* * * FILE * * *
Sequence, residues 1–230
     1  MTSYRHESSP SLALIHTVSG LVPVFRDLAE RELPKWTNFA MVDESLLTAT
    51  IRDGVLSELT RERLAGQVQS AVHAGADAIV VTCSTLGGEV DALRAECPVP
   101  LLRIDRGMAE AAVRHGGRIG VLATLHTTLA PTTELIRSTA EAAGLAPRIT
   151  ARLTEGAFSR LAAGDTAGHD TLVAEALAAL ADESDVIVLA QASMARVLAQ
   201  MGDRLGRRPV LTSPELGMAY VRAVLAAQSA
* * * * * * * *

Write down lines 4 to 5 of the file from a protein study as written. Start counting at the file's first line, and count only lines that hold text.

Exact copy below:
   101  LLRIDRGMAE AAVRHGGRIG VLATLHTTLA PTTELIRSTA EAAGLAPRIT
   151  ARLTEGAFSR LAAGDTAGHD TLVAEALAAL ADESDVIVLA QASMARVLAQ